Quail Bell Magazine, established in 2009, receives 18,000 -25,000 unique page views a month. Tell us about your magazine, what challenges you faced when you first launched Quail Bell, and how the magazine continues to grow.
I bought the domain name for Quail Bell in December 2009. After getting my writing and art published in books, lit journals, ‘zines, and websites starting in my teens, I had this urge to begin steering my own ship. I spent the next year and a half casually blogging at QuailBellMagazine.com, posting pieces I’d created for my college classes and posting submissions when they came in from classmates or Internet strangers. Then I brought on a team of fellow VCU students and “interns” in May 2011. The team and I amped up the content and premiered the website at the Richmond Zine Fest in October 2011, when we released our first print ‘zine. At the end of the month, our managing editor, Josephine Stone, died in an accident and the team gradually fell apart (though former associate editor Jade Miller continues to help to this day). Josie infused us all with a sense of enthusiasm that was hard for us to maintain when she met her fate at age 23. Luckily, I had the pleasure of meeting Kristen Rebelo in May 2012. We shut down the site from January-May 2013 and relaunched the blog as a full-fledged website in June that year. The magazine now receives up to 5,000 – 6,000 page views a day and about 40,000-60,000 page views a month.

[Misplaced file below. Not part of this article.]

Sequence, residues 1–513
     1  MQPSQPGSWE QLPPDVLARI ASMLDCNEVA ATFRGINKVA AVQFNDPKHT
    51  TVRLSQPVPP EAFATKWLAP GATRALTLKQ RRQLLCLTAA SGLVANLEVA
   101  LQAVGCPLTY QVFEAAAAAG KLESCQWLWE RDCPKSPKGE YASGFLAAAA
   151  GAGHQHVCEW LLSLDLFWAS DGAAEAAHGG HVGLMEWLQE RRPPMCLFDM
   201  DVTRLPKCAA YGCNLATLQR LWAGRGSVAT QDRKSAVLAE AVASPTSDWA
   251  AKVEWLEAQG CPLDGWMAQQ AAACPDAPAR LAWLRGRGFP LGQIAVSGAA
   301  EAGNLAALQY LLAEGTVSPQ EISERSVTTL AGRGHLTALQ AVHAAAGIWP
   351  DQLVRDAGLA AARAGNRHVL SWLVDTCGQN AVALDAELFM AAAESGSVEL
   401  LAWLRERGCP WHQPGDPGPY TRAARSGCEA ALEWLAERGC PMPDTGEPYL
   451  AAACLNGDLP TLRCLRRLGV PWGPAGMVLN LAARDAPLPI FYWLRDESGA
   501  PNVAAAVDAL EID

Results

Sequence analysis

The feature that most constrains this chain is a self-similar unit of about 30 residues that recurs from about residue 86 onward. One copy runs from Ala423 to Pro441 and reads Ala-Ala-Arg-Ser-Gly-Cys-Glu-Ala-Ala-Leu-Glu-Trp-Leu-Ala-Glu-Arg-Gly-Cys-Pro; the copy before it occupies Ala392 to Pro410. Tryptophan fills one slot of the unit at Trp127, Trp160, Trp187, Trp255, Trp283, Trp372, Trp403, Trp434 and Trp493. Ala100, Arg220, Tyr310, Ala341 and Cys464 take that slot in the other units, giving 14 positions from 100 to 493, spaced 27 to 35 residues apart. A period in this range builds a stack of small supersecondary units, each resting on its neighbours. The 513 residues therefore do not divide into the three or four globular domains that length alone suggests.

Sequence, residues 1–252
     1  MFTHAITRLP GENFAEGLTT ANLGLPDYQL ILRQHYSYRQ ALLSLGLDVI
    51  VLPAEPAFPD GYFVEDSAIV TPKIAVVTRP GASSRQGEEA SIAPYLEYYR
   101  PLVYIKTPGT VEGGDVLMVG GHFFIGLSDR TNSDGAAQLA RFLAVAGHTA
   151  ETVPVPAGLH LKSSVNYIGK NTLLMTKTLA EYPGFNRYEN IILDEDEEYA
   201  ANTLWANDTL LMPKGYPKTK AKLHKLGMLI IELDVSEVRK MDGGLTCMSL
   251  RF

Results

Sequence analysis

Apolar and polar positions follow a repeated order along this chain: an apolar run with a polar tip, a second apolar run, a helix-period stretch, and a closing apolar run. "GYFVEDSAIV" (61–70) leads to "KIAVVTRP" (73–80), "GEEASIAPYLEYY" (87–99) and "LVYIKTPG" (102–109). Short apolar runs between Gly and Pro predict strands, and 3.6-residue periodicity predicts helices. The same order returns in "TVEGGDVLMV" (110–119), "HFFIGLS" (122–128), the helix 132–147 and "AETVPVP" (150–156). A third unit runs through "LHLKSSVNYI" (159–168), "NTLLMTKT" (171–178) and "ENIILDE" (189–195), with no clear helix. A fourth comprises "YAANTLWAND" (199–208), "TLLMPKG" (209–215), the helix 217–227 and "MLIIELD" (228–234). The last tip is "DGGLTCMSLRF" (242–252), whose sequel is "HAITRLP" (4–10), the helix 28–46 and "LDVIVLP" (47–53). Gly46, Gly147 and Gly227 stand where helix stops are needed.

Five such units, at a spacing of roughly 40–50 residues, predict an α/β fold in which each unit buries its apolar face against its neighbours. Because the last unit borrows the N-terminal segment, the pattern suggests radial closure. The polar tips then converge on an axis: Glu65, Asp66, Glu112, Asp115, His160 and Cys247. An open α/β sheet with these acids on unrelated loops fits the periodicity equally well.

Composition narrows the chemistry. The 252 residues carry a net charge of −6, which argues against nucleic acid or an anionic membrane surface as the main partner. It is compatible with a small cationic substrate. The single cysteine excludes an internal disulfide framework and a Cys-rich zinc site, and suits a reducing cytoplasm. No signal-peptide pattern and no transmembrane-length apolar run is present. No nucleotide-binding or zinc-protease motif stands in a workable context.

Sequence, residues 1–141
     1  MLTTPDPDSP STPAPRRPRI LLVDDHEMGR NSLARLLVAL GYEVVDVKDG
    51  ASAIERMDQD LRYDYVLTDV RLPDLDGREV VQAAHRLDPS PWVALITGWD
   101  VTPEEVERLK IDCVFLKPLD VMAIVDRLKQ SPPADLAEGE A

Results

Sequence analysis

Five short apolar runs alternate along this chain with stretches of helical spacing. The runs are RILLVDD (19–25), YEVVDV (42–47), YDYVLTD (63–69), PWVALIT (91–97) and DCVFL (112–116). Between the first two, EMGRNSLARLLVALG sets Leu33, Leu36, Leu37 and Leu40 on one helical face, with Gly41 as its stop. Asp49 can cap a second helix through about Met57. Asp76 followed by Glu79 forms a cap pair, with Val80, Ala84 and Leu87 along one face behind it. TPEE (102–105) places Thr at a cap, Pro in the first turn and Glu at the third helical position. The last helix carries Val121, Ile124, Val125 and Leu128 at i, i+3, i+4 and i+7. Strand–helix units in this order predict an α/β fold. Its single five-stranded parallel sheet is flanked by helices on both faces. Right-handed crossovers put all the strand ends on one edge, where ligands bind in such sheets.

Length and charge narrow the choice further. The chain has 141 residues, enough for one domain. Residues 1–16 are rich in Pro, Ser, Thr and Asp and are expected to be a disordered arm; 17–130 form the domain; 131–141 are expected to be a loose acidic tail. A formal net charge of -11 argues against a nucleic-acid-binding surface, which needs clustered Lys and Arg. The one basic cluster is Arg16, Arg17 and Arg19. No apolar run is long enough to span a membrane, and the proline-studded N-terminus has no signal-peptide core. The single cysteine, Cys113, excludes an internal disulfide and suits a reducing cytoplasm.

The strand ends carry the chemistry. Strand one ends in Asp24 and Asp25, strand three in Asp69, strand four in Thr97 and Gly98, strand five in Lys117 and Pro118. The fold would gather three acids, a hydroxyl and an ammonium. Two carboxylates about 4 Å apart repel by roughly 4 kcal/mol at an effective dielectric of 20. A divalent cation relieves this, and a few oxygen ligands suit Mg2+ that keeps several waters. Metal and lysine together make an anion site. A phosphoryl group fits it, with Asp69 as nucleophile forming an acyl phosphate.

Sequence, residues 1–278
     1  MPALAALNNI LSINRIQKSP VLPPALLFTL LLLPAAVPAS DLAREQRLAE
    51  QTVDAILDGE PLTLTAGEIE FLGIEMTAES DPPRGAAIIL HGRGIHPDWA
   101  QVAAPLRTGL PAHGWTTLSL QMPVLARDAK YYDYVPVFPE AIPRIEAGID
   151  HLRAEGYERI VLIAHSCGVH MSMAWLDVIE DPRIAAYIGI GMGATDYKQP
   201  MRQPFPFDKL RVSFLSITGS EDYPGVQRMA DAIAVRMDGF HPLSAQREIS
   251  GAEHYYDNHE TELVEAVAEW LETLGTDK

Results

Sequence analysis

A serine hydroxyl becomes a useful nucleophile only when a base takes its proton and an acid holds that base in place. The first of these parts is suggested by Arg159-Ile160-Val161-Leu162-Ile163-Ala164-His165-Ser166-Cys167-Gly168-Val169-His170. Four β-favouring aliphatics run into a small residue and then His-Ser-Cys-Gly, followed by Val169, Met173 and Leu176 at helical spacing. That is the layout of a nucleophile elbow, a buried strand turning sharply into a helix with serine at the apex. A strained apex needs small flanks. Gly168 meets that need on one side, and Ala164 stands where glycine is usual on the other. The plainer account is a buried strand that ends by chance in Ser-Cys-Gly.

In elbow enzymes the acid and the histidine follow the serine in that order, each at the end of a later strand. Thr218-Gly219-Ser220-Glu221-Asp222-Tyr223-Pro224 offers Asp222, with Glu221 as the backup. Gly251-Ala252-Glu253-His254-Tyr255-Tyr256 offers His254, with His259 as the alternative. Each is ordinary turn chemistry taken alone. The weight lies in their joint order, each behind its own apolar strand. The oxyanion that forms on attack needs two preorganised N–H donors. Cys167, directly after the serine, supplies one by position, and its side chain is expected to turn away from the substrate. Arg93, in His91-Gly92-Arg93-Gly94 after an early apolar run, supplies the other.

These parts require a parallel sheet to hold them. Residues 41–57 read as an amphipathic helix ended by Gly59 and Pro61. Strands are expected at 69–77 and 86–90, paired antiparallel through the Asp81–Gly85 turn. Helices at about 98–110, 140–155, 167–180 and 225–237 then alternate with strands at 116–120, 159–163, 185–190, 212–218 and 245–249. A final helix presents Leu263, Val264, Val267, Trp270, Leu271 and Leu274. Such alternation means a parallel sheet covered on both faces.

When I first envisioned the magazine, I planned for it to focus on fairy tales, history, and folklore, but I wanted it to be both literary and journalistic. Most magazines are either or. I called the two sections of the site The Real and The Unreal. As my interests expanded, I decided to more broadly encompass “the imaginary,” “the nostalgic,” and “the otherworldly.” Yet even those words seemed to limit the interests and aesthetic that Kristen and I had fine-tuned. So we recently simplified the mission statement to revolve around The Real and The Unreal. We’ve known for a while what we’ve wanted but the challenge had articulated it. Our current mission statement reflects what we aim to create, curate, and present.